Page Two: "Fab 5 Freddy Told Me Everybody's Fly"
Out of nothing, street art achieved velocity
Driving in a cab across Tel Aviv, I thought about it – as I did early one morning walking through Athens and later in Lisbon driving by some of Europe's oldest surviving neighborhoods. In ways we now usually don't notice, many of the world's cities are accentuated by endless colors, lines, and swirls, often so bad as to be more an idea of graffiti, than art, in the way the Shaggs' first album sounds like it was made by people who had had music described to them but never actually heard it. Again and again, I wondered what Fab 5 Freddy, legendary pioneering graffiti artist and a driving force behind hip-hop culture, thinks of all this.
"It is mind boggling in a way, exciting in so many others. Yes, what we started as kids in New York City is everywhere."
FFF and I are walking down Commercial Street in Provincetown, during his first time on Cape Cod. "So what's it like," I ask him, "these ideas you guys hatched not quite a half-century ago, now decorating the world?"
He's quick to downplay the birthing part, pointing out it was Taki 183 who pioneered tagging in the late Sixties and early Seventies. Once begun, there was no stopping; defiant and rebellious, street kids pushed ever more elaborate and ambitious renderings of names and numbers.
In the late Seventies, with Lee Quiñones and the others in the Fabulous 5, they created subway-train-long artworks. Yet, he narrows his contribution from innovating an aesthetic to introducing what's now known as street art to New York galleries. Freddy ran with Jean-Michel Basquiat, but – haranguing gallery owners – he championed Keith Haring, Kenny Scharf, and Rammellzee among others. FFF personally had already consummated that marriage when he tagged the whole side of a subway with graffiti-rendered Andy Warhol soup cans.
Meeting Chris Stein and Debbie Harry of Blondie, he suggested she write a song about him. "Rapture" was the first single with rap in it to top the charts and be featured on MTV. Grandmaster Flash would sample it for "Adventures on the Wheels of Steel," the 12-inch single on Sugarhill Records. That would be trumped when FFF released "Change the Beat," his own chart-topping rap single, in 1982. During a break on the flip side featuring a French version by female rapper Beside, Freddy says, "Ahhhhh, this stuff is really fresh," among the most sampled and scratched lines in rap.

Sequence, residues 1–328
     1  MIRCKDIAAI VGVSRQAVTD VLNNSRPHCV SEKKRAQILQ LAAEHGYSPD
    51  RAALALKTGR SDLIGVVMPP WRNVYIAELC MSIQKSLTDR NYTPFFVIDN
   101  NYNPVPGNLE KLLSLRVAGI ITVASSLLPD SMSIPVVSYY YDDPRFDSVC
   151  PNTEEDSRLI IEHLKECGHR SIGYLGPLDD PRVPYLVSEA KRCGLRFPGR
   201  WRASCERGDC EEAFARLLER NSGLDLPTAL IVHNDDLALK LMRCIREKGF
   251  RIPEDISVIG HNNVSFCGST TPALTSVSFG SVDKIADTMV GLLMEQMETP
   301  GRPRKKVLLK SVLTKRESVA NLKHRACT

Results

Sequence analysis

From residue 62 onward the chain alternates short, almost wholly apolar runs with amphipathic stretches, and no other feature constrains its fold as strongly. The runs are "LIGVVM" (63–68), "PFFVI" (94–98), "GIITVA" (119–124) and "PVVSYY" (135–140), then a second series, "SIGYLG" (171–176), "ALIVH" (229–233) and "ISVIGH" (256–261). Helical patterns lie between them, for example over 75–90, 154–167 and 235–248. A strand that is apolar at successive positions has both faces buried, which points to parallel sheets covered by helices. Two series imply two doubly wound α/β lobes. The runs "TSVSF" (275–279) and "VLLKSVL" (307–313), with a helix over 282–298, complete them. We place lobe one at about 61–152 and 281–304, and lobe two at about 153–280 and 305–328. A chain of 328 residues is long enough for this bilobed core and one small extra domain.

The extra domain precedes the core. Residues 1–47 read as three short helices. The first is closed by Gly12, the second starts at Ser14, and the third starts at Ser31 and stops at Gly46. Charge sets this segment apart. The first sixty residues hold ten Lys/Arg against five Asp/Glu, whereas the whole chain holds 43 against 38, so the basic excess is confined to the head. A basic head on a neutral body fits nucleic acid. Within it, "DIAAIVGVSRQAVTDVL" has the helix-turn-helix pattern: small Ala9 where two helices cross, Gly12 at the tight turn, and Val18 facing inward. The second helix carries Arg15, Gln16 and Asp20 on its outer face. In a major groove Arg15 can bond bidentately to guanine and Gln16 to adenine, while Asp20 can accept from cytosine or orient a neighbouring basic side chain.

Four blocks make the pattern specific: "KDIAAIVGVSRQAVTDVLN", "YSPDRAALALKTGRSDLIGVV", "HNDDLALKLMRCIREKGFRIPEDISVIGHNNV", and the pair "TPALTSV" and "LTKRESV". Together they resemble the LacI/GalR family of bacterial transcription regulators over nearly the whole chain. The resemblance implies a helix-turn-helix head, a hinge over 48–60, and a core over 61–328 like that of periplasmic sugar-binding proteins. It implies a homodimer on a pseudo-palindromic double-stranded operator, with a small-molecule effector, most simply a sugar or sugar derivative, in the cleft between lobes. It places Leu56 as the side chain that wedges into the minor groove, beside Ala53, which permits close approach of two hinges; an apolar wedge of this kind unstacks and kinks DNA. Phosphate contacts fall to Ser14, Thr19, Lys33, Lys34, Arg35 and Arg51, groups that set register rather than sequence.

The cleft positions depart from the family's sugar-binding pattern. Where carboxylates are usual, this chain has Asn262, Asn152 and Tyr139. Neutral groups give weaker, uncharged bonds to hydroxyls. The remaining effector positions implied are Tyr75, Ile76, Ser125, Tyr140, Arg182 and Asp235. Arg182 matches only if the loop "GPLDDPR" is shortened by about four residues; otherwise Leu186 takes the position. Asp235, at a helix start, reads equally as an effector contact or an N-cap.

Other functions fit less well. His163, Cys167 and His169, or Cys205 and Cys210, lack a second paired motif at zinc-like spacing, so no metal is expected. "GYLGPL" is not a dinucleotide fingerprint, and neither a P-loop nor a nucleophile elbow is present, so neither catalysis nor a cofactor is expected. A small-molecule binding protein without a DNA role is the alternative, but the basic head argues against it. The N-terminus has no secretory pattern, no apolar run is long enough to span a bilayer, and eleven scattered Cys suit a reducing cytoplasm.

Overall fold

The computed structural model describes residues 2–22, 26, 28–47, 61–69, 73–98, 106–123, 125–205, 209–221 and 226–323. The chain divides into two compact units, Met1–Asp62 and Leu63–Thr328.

Freddy and I met as extras on the set of Jonathan Demme's The Manchurian Candidate. Dressed in tuxes, we descended an escalator and crossed an enormous ballroom; by the fifth take we were tight. The scene ended up on the cutting room floor, though it can be seen as a DVD extra. Meeting him was to be one of six blind men encountering an elephant. Each part of his story is so extraordinary it is hard to imagine that it is only a single jigsaw piece of a much larger picture. A Brooklyn kid from Bed-Stuy, as we rode the escalator down and then walked across the floor, I was the one remembering Harlem.
When I was 12, living in the New Jersey suburbs, I began working Saturdays at my uncle's drugstore around Lenox and 135th Street. The first time he dropped me off, he barely mumbled an intro to the druggist before leaving. Seeming ancient but probably not yet 40, much of his time was spent filling "prescriptions" regularly brought in by his girlfriend from the neighborhood several times throughout the day.
Immediately, my main job was making deliveries. I was usually the only white face for blocks, and despite some empty lots and burned out buildings, it was never threatening. My mother's family had long established businesses in the area including the drugstore founded by a grandfather I never met. When I was delivering prescriptions, older women would walk up to me on the street saying, "We know you and your family."